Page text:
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James Gregory once lived in a farm and had befriended a native youth, Bafana, and had even had a photograph taken with him. Years later, now married to Gloria and father of three children (Chris, Brett, and Natasha), James has nothing but shame and regret, as many South African Caucasians in the oppressive Apartheid-era ridiculed him, leading him to hate Africans. He seeks to redeem himself by spying on imprisoned African National Congress Leader, Nelson Mandela. In the restrictive high security prison his job is to censor all written and verbal communications between prisoners, their visitors, and correspondence. James is uncomfortable when he witnesses Caucasian police and security officers' brutality against civilians, including infants, and tries to understand why Nelson became a rebel. This leads him to examine the 'Freedom Charter', a banned document, reportedly known to incite violence against 'whites'. And when he does read this document, he changes his mind about Nelson's ...Written by
When the car explodes in front of an office building after two officers walk by, the blast should have shattered the office windows (and there are sounds of breaking glass), yet they remain intact. See more »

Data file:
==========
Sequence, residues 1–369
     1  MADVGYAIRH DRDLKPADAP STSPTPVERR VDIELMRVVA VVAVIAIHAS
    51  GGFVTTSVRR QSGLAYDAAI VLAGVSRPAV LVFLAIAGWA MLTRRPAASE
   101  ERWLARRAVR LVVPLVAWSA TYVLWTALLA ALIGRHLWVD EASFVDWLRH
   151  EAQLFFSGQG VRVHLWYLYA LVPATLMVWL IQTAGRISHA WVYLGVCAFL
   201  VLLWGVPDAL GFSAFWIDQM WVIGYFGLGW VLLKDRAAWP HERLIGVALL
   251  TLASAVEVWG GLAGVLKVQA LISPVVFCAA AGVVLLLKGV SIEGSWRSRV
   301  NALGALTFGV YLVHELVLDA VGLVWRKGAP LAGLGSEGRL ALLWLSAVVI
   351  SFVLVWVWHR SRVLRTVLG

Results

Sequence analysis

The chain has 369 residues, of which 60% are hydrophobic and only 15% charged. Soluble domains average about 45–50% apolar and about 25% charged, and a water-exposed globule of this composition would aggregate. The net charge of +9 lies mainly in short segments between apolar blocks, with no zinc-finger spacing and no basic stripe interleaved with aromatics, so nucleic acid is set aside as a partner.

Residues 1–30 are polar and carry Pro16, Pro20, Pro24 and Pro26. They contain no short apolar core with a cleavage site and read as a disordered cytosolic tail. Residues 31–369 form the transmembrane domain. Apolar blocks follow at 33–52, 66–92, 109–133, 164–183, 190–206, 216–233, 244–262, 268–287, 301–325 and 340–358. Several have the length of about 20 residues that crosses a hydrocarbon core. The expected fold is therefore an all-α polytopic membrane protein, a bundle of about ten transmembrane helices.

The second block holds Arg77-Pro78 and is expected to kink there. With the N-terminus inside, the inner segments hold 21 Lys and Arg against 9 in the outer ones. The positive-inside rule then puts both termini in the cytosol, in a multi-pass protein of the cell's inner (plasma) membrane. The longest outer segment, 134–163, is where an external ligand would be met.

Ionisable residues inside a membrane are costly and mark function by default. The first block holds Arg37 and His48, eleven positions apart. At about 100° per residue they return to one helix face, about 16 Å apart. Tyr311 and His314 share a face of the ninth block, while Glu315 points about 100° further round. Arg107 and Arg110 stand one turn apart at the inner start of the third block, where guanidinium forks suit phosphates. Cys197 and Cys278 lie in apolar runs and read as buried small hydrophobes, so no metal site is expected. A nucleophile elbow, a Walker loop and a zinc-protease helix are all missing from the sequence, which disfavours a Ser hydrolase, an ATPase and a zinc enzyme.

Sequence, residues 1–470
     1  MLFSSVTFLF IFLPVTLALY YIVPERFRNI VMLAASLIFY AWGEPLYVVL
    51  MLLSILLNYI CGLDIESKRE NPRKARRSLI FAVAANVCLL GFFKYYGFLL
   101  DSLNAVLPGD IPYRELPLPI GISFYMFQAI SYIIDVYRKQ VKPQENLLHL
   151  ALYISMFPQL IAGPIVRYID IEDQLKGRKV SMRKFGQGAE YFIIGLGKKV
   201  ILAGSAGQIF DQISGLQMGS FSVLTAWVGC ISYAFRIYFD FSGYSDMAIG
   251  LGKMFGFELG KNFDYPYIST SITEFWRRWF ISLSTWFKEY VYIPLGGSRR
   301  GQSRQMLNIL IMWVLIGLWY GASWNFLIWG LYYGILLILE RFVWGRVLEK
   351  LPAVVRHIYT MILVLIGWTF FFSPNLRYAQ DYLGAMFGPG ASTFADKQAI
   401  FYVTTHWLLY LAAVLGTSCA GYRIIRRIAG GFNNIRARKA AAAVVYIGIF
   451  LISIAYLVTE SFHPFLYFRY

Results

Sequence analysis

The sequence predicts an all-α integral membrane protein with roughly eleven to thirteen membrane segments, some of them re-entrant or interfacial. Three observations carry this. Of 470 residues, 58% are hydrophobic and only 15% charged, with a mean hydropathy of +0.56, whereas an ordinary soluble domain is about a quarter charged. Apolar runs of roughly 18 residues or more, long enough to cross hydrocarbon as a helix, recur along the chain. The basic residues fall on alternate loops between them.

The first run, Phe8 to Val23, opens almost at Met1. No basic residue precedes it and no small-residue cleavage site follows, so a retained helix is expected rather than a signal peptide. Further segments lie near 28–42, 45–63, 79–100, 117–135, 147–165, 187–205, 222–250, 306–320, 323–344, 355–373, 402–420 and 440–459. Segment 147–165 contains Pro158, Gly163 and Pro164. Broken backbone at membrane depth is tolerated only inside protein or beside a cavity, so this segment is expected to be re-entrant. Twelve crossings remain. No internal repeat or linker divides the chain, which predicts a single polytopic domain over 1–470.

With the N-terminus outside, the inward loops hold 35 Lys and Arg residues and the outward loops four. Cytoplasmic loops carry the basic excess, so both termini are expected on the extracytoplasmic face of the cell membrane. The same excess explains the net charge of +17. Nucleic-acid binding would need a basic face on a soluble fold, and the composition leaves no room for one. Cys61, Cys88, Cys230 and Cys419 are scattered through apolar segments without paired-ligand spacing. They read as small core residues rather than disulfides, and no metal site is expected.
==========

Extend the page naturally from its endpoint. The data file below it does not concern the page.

[in prison, to his visiting wife, speaking Xhosa; subtitles read]
Tell him that all of us in here agree he should escalate the armed struggle. The country must become ungovernable.
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(by Jan Luyt Pohl)
Music licensed courtesy of Gallo Music Publishers/Gallo Record Company See more »
thought provoking and inspirational
This film, based on two very important men, is emotional and sincere but overall it is believable, every single moment is significant and told gracefully. A real life movie based is supposed to be precise without getting too much into detail - otherwise it turns boring - and so is "Goodbye Bafana", documenting 27 years in the life of this prison guard. Things and events described in the motion picture heat up gradually, the leading actors are simply outstanding so that the two hours runtime seems much shorter than it is. Haysbert is terrific, even more than Fiennes and they're both superb for their parts, with them each moment becomes increasingly more touching
20 of 31 people found this review helpful.
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